Anthony Thompson, Senior Clinician: Sovereign Health of Arizona
What brought you to Sovereign Health?
After completing my studies at Ottawa University and earning my Master’s in Counseling with a Trauma Specialization, I did not find many positions that were a good fit for me. Most agencies do not treat dual diagnosis patients and many agencies are narrowly focused or specialized. Thankfully, Dr. Sue Drury told me about Sovereign Health. Dr. Drury was one of my professors and I consider her a mentor. She is the consulting psychologist at Sovereign Health of Phoenix (SHOP) and told me about Sovereign’s new facility in the Phoenix area and how it was unique in focus, specifically dual diagnosis and trauma. I was intrigued by the opportunity to get in on the start of something new and exciting that was a great fit for my training and passion to help people, especially trauma survivors. The opportunity to work with Dr. Drury after being taught by her was an added benefit. Dr. Dan Gross and Dr. Monica Powers also both helped in making me feel like Sovereign was where I belonged. I wanted to be part of strong, diverse clinical team that shares my passion and creativity for helping people. I have found that here at Sovereign.
What does your position at Sovereign Health entail?
As a senior clinician, I manage and provide group and individual therapy in the treatment of patients with dual diagnosis. When assigned a new patient, I interview the patient in order to complete a Biopsychosocial Assessment (BPS). Such information informs the individual, group, and family therapy provided. I provide therapy from a variety of theoretical orientations, though I am most comfortable with Motivational Interviewing and Stages of Change. I also use the three-phase model of trauma therapy. I engage patients, their families, and other providers as authorized, to draw as accurate of a clinical picture as possible. I then assess their condition and gather a trauma history in order to provide the best care possible. All this is done in collaboration with my supervisor, Dr. Drury, and my clinical director, Dr. Gross. I also document therapeutic progress, as well as challenges to progress to plan for the successful completion of treatment and discharge.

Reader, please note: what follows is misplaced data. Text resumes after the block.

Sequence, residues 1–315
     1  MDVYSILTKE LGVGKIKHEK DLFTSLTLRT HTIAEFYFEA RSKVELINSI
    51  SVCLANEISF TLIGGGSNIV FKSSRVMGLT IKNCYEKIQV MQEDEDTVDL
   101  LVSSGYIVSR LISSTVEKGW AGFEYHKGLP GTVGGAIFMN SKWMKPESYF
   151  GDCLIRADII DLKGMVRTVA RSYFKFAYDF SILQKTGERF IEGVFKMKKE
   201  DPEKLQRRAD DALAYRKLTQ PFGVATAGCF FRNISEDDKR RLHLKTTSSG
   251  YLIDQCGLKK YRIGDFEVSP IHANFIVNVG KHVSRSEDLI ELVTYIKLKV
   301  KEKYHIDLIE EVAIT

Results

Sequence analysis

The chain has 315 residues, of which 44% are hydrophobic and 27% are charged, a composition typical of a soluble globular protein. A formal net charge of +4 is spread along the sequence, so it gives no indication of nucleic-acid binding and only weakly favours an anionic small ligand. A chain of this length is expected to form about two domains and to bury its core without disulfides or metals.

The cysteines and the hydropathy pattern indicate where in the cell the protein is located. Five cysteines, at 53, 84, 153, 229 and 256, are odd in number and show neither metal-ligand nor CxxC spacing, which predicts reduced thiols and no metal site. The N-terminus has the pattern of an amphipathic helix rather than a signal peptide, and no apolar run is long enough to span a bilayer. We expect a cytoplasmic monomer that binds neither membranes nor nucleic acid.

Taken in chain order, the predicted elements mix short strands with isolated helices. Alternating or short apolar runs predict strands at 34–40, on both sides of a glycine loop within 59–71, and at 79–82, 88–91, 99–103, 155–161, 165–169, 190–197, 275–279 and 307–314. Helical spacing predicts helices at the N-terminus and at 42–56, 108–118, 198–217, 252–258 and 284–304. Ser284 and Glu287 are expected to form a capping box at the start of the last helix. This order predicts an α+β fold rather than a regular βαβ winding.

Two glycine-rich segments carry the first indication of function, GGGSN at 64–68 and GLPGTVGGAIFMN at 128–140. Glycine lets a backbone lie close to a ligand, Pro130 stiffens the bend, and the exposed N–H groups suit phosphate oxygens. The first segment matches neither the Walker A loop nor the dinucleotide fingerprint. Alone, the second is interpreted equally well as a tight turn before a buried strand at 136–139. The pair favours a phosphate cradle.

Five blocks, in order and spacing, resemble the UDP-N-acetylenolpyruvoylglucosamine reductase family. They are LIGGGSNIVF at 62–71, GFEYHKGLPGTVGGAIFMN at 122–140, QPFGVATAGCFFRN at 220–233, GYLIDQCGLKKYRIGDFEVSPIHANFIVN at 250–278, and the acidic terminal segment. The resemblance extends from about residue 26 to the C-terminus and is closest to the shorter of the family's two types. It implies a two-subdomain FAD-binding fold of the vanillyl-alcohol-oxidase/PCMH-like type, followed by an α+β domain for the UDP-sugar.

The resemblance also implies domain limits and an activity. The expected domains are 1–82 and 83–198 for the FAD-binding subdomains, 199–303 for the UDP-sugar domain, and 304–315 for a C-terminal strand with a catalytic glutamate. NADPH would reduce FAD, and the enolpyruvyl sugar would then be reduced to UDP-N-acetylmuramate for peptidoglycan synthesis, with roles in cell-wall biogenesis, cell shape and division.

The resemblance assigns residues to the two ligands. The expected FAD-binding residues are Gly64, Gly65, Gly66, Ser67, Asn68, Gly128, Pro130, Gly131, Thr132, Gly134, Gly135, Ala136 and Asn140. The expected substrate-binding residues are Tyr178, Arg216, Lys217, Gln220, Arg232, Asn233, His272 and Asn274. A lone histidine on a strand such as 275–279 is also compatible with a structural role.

What do enjoy doing when you’re not working?
When I am not working, I enjoy exercising and running. I also enjoy attending church with my family, watching football and basketball on television and listening to music, especially Christian rap. Given a choice, I would rather attend football, basketball, and baseball games than watch them on television. Spending time with my family, whether we are going to the movies, or out to eat, also is a lot fun.
What inspires you?
Getting a second chance to fulfill my dream as a counselor inspires me to provide the best possible service to our patients. I do not take for granted the opportunity to change careers and do what I truly love. Helping a patient gain some insight into their behavior or beliefs, learning from Dr. Gross and Dr. Drury, collaborating with a house manager on behalf of a patient, or teaming up with a fellow clinician are all true blessings that I could have easily missed if I had continued to just pursue a job as opposed to a calling. I am inspired by the chance to make a positive difference, no matter how small.
“…I will refine them like silver and test them like gold. …” Zechariah 13:9. This speaks to the process that many people go through to be their best; similar to the process we introduce patients to, so they can be whole.